Wednesday, February 1, 2012

Patriotic Heroism

American soldier
 Today’s Patriotic Portrait
John F. Baker Jr.,  a retired Army master sergeant,  passed away January 20, 2012 due to a heart condition.  He was 66 years old. 
Baker was awarded the Medal of Honor during the Vietnam War  for rescuing wounded soldiers from an ambush and leading a daring counter assault.  
Baker was 5 feet 2 inches tall and weighed 105 pounds. He made up for his diminutive stature by building up his physique.  While in the Army during the Vietnam War, Baker's remarkable strength helped him save the lives of his fellow soldiers.
On Nov. 5, 1966, Baker's unit was reinforcing a group of American soldiers pinned down near Dau Tieng, close to the Cambodian border.  About 3,000 Vietnamese had taken positions in the surrounding jungle, hiding in underground bunkers and roping themselves to tree branches.
As the U.S. soldiers advanced, the jungle erupted in enemy fire. Camouflaged machine guns spit bullets.  Mortar rounds hit the ground. Snipers in the trees picked off Americans   on the ground.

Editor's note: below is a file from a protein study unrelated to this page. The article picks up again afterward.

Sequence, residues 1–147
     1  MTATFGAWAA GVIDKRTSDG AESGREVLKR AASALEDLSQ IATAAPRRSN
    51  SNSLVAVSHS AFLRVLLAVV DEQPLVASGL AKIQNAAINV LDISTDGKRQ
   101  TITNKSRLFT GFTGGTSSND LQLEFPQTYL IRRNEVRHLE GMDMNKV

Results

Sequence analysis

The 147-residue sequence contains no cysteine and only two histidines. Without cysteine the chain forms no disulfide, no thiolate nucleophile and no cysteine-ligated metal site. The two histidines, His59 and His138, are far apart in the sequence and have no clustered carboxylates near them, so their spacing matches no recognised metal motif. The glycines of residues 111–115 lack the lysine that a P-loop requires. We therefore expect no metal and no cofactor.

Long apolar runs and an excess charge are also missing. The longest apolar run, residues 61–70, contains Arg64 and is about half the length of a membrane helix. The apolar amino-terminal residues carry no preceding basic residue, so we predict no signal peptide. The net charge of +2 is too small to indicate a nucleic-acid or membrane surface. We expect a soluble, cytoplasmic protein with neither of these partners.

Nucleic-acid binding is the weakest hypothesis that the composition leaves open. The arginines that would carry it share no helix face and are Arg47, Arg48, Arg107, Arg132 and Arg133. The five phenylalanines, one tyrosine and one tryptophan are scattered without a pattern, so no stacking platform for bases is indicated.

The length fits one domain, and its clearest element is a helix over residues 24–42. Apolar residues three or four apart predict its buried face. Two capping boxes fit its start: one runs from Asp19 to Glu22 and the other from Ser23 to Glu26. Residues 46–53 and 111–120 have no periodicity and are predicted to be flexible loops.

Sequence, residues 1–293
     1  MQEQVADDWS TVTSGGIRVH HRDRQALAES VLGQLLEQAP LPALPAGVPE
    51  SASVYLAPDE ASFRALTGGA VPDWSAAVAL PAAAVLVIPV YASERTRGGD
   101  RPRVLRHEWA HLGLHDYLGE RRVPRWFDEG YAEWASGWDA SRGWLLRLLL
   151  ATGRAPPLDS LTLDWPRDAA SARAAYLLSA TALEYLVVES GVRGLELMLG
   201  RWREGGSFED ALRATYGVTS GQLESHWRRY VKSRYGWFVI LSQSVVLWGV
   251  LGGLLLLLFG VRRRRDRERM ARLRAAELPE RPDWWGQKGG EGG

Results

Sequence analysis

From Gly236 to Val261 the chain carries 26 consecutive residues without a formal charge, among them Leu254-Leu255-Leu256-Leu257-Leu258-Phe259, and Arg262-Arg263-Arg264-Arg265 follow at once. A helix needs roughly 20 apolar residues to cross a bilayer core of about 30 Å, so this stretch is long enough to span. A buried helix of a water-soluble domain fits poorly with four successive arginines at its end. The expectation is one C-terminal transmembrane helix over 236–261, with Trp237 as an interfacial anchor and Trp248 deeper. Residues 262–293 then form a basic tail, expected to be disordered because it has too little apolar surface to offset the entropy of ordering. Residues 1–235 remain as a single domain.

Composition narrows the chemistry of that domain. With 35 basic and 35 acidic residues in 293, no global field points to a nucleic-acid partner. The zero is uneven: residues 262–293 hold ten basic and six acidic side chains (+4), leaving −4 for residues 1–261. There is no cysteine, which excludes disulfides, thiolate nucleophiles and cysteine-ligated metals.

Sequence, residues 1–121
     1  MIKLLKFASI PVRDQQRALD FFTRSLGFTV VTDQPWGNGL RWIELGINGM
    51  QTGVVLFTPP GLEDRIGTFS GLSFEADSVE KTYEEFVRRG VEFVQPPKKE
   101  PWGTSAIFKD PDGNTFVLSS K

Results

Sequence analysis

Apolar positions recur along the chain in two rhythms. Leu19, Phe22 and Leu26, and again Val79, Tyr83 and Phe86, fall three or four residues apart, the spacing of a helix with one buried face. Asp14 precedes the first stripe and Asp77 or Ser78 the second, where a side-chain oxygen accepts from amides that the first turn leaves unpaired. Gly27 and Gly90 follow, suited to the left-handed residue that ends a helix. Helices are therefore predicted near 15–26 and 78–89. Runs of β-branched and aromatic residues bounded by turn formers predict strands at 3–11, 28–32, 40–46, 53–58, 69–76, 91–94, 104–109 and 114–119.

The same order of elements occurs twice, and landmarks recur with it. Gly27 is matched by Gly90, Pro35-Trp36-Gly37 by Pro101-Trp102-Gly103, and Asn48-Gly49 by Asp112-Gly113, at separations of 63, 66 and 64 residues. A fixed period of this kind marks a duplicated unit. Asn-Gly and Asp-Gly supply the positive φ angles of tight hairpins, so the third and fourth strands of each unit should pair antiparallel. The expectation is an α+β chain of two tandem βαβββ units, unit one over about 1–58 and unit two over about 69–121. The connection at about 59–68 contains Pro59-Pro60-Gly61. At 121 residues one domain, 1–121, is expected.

Baker ran toward the front with another soldier and helped destroy two enemy bunkers.
During the attack, the other soldier was mortally wounded. Baker killed four enemy snipers before carrying his comrade away from the ambush.
Returning to the battle, Baker was blown off his feet by an enemy grenade but recovered to make repeated trips through intense gunfire to evacuate wounded American soldiers much larger than him.
By the end of the two-hour conflict, Baker had recovered eight fallen U.S. soldiers, destroyed six bunkers and killed at least 10 enemy soldiers.
 Baker spent the rest of his tour as a “tunnel rat.” Armed with a flashlight and pistol, he explored the booby trapped, spider and scorpion-infested tunnel network used by Viet Cong guerrillas.
Returning home in August 1967, Baker became a drill instructor. One day, President Lyndon B. Johnson called to invite him to the White House to be awarded the Medal of Honor, the military's highest decoration for valor.
 Baker's selfless heroism, fighting spirit, and extraordinary courage were responsible for saving the lives of several of his comrades, and inflicting serious damage on the enemy.
 After being awarded the Medal of Honor, Baker traveled the country as a recruiter. His repeated requests to be sent back to Vietnam for combat duty were denied. He retired from the military in 1989 and later worked at a Department of Veterans Affairs hospital in Columbia, S.C.
John F. Baker’s heroic patriotism will not be forgotten.  Because of him, more American soldiers were able to come home.   


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